This is an excerpt from Prescriptive Stretching eBook by Kristian Berg.
How to Stretch
Using the wrong technique during stretching can waste your time and increase your risk of injury. Be aware of the fact that when you stretch a muscle, you will also perform at least one action that is directly opposite to what the muscle does as it works (contracts).
If the function of the muscle is to bend the elbow, you need to straighten the elbow in order to stretch it. If a muscle flexes the hip, straightens the knee, or increases the arch in your lower back, in order to achieve a stretch, you need to extend the hip, bend the knee, or lessen the arch of the back. Performing only one of these actions will not yield the desired stretch. It can also increase the mobility in the joints too much, which can lead to injury. Follow the instructions for stretches closely in order to exercise effectively and safely.
Four Main Principles
To stretch safely, you must adhere to the four main principles of avoiding pain, stretching slowly, stretching the right muscle, and working only the necessary joints and muscles. These guidelines are designed to make your stretching safer and more effective and to increase your awareness of your body.
If you stretch carefully, your muscles will react in the desired manner. If you force the stretch, your muscles will not want to cooperate. If you stretch to the point of pain, your body’s defense mechanisms will kick in, thinking something dangerous might be going on. When muscles register pain, they try to protect themselves by contracting. This is the opposite of you want to achieve by stretching. Of course, very slight pain during a stretch can feel good if the discomfort does not spread to the body. However, you must be able to distinguish between the burn of stretching and pain that will lead to an injury.
If you throw your arms or legs out during the stretch, the muscle will stretch too fast. This makes the body think that the muscle is about to get torn or injured. Once again, it will try to protect the muscle by contracting it, preventing you from reaching your goal.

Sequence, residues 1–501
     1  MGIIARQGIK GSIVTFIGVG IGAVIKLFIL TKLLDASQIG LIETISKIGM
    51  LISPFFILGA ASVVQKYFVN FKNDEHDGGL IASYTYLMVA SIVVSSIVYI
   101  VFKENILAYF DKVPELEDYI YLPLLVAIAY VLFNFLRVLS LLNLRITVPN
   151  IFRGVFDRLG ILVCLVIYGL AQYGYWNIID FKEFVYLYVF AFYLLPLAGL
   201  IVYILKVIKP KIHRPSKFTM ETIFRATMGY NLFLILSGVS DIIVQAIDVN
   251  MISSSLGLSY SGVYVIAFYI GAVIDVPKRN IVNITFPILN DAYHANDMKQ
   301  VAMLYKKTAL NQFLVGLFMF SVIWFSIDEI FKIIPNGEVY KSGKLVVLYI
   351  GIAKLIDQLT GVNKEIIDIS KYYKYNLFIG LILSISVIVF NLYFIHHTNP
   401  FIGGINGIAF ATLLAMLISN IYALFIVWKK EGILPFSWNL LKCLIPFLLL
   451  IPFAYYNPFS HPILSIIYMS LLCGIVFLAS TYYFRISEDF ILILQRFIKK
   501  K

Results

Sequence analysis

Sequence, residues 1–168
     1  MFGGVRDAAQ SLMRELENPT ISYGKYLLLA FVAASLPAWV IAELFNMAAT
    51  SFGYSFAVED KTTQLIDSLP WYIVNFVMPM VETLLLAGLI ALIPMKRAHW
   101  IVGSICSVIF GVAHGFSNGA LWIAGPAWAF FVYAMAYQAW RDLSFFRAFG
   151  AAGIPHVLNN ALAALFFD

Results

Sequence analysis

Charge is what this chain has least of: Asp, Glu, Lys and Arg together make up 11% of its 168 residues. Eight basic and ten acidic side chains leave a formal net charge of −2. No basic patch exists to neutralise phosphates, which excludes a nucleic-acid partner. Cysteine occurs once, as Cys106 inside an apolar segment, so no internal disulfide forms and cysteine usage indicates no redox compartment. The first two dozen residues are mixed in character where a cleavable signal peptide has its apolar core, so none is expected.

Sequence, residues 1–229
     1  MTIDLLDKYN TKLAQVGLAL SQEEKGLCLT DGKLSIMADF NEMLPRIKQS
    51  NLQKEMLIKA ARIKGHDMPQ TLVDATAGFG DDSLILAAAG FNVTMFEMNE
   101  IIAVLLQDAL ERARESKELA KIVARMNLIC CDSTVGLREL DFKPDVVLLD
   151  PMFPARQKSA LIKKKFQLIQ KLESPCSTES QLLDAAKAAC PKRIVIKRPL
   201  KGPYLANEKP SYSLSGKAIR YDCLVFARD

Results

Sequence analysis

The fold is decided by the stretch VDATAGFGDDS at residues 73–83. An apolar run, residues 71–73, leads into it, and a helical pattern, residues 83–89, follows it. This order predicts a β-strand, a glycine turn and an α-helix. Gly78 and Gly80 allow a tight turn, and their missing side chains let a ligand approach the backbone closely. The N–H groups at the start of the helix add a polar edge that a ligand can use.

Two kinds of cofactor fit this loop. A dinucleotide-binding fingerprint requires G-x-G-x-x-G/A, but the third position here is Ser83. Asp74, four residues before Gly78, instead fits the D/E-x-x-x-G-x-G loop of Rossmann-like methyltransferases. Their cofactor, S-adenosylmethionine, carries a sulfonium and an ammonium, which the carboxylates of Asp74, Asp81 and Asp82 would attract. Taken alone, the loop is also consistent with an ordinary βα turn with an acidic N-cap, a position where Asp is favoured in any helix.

Stretch the Correct Muscle
Although this might sound obvious, you must use correct technique in order to follow this rule. Movement that goes a couple of degrees in the wrong direction can mean the difference between stretching the muscle and pulling on the joint capsule or similarly harming the body. To save your body and valuable time, it is important to do things right!
Avoid Affecting Other Muscles and Joints
Stretching that is careless or poorly done can negatively affect other muscles and joints, actually worsening your condition. This common mistake is the main reason why some people consider stretching worthless or painful.
The Golden Rule
Stretching correctly demands good technique and practice. As in any other discipline, practice makes perfect. Make sure that all your angles are correct as you start the movement. You must move with the right speed and with the right posture. Your focus should be moving the joint as little as possible as you stretch the muscle. Human nature is to take the path of least resistance, which makes us feel flexible and comfortable. However, this approach is not the way to get a good stretch.
Should you stretch when warm or cold?
Most people feel more comfortable and flexible when they are warm. However, can you stretch without warming up first? If you follow the basic guidelines on stretching, you will not risk an injury. It can be difficult and impractical to warm up every time if you are trying to correct a condition that requires you to stretch 10 times a day.
Should you stretch before or after a workout?
If you work out to feel good and to stay fit, it is fine to stretch before, after, and even during a workout. If you lift weights, it may help to stretch both the muscle that you are working as well and its antagonist. If the antagonist is flexible and pliable, the stretch will be easier and the risk for injury will decrease. Stretching the calves during a run can help avoid injury, since tight, shortened calf muscles often affecting your stride.